It is not surprising, then, that reduction of socio-economic inequality has moved to the centre of global discussions on the post-2015 goals. The OECD, responsible for monitoring official development assistance (ODA) and other financial flows for development, is complementing these discussions by exploring ways to better use existing financial resources – and mobilise additional ones – to promote inclusive and sustainable development. This includes redefining what we mean by ODA, as well as looking at the ways it can best be used to complement other forms of finance.

Reformers vs. Lobbyists: Where have We Got to on Tackling Corporate Tax Dodging?

Duncan Green's picture

The rhythm of NGO advocacy and campaigning sometimes makes it particularly hard to work on complicated issues, involving drawn-out negotiations where bad guys have more resources and staying power than we do. Campaigns on trade, climate change, debt relief etc often follow a similar trajectory – a big NGO splash as a new issue breaks, then activists realize they need to go back to school (I remember getting briefings on bond contracts during the 1998 Asia financial crisis) or employ new kinds of specialists who can talk the new talk. And then for a while we get geeky, entering into the detail of international negotiations, debating with lobbyists and academics. When it works (as in the debt campaign), we contribute to remarkable victories or to stopping bad stuff happening (which I would argue was a big civil society contribution at the WTO).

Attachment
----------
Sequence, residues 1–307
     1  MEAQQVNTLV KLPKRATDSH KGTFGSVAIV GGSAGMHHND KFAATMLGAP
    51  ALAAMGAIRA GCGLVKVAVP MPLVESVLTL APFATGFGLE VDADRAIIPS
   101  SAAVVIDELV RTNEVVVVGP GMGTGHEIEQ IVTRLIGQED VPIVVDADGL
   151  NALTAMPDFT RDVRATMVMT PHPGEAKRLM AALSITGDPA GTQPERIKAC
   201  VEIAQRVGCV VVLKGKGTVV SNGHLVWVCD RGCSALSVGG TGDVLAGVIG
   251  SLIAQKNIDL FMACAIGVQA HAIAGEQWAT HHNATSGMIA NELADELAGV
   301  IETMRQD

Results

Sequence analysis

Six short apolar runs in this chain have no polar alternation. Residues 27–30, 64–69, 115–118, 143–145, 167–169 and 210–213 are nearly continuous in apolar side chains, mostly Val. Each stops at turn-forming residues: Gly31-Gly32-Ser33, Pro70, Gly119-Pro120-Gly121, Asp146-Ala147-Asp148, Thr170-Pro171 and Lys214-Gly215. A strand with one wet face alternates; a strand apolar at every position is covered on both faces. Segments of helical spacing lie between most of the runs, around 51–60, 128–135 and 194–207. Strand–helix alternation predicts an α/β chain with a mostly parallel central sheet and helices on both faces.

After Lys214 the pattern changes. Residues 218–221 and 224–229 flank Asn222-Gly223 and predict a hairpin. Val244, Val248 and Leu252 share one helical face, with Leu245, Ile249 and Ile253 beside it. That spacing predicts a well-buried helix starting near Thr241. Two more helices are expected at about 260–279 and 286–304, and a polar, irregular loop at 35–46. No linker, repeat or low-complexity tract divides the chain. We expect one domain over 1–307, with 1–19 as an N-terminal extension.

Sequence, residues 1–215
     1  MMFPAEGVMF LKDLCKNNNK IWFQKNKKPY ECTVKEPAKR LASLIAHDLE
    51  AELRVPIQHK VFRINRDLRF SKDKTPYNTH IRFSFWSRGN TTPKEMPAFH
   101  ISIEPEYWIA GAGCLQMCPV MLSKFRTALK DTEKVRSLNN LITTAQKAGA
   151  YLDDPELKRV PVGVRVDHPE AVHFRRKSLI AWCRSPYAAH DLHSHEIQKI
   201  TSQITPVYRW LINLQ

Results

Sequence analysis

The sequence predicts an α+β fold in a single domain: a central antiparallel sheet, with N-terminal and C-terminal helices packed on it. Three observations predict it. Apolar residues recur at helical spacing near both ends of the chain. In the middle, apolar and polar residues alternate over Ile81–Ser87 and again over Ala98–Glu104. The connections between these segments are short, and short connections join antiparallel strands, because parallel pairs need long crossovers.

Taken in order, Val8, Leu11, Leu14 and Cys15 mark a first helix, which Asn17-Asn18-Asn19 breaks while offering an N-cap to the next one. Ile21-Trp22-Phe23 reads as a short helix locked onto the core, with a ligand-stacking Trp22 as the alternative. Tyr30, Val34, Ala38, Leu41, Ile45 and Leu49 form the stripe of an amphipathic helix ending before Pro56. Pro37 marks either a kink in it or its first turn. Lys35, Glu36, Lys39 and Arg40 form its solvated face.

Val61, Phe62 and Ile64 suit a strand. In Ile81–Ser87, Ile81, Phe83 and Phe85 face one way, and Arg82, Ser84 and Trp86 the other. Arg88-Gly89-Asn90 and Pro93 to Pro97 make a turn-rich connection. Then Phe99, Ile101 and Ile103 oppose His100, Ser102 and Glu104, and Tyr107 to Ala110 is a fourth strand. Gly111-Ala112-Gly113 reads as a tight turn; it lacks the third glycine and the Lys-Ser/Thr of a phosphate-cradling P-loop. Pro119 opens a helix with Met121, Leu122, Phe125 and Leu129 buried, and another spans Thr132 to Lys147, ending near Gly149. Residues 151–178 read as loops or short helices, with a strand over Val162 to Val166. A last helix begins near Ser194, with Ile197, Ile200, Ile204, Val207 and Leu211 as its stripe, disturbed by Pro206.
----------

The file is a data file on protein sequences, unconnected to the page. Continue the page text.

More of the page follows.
How to Fix Fragile States? The OECD Reckons it’s All Down to Tax Systems.

Duncan Green's picture

‘Over-generous tax exemptions awarded to multinational enterprises often deprive fragile states of potential revenues that could be used to fund their most pressing needs.’ Another broadside from rent-a-mob? Nope, it’s the ultra respectable OECD in its Fragile States 2014 report.

After years of growth, aid to fragile states started to fall in 2011, so the report centres around an urgent call for OECD member states to help their more fragile cousins find a post-aid arrangement that funds essential state functions and builds the ‘social contract’ with citizens.

The key is a shift from aid dependence to ‘domestic resource mobilization’ (taxes and natural resource royalties), currently averaging a feeble 14% of GDP across fragile states and far too dependent on royalties from oil, gas and mineral extraction. Foreign direct investment (factories, farms etc) is generally low in volume and volatile.

Are International Conferences Getting Any Better? A Bit - Thanks to Some Sparky New Tech

Duncan Green's picture

For a ‘club of rich countries’, the OECD spends a lot of time thinking about development. It’s Development Cooperation Directorate does the number crunching on aid; the OECD Development Centre publishes annual Economic Outlooks on Africa, Latin America and Southeast Asia, or Latin American revenue statistics.

Last week I spent a couple of chilly days at its Paris HQ at the 5th Global Forum on Development discussing the inevitable topic – post2015 and what comes after the MDGs (background papers here). I’m trying to resist the post2015 bandwagon, but it’s generating a hell of a slipstream.

But why did they even invite me? After all, my main reaction to the last OECD conference I attended was to write a post on the awfulness of such international events (a series of soporific panels in a lightless room), and whether they can be salvaged.

So was this one any better? Yes in a few important ways. OK, it was still 300 people in an underground bunker flicking through their emails and half-listening to panels that over-ran and ate up question time, but the organizers had added some nice IT spice to the mix.